Linked by Thom Holwerda on Thu 31st May 2012 21:41 UTC
Legal And thus, it ends. Despite a never-ending stream of doom and gloom from Oracle/Microsoft-funded 'pundits' regarding Google and Android (six hundred billion trillion gazillion eurodollars in damages!!1!), judge Alsup has just squashed all of Oracle's chances with a ruling that is good news for those of us who truly care about this wonderful industry: APIs are not copyrightable. Alsup: "To accept Oracle's claim would be to allow anyone to copyright one version of code to carry out a system of commands and thereby bar all others from writing their own different versions to carry out all or part of the same commands. No holding has ever endorsed such a sweeping proposition." Supreme Court, Ellison?
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Overstating the case
by vaette on Fri 1st Jun 2012 06:40 UTC
vaette
Member since:
2008-08-09

Another a bit overblown headline, Oracles case is indeed over, but APIs remain perfectly copyrightable if they are a sufficiently complex and creative work, all Alsup has decided is:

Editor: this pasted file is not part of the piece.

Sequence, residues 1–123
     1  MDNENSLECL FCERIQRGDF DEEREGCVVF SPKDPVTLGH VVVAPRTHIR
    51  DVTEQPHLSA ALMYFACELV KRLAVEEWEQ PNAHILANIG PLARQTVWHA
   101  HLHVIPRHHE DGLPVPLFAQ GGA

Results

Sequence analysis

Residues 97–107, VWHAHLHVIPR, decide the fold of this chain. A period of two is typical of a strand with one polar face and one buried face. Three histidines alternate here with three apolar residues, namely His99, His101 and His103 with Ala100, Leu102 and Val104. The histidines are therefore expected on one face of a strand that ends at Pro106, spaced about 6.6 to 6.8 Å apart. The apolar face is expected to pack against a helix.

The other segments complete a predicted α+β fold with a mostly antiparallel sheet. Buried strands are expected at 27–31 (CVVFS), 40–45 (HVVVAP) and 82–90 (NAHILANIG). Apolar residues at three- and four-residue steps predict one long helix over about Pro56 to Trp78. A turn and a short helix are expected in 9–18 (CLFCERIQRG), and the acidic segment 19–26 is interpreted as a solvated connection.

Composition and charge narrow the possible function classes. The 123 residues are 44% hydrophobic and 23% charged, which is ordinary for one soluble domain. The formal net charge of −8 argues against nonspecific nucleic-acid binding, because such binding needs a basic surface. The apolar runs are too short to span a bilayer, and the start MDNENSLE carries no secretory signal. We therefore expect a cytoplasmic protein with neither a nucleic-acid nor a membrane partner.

"This order does not hold that Java API packages are free for all to use without license. It does not hold that the structure, sequence and organization of all computer programs may be stolen. Rather, it holds on the specific facts of this case, the particular elements replicated by Google were free for all to use under the Copyright Act."

To link to another comment where I summarized my complaint about this recurring misunderstanding about API copyrightability: http://www.osnews.com/permalink?518336

It is like with all copyight: Big, complex and creative works are copyrightable, and that is a high bar to reach for APIs, but it is clearly possible.

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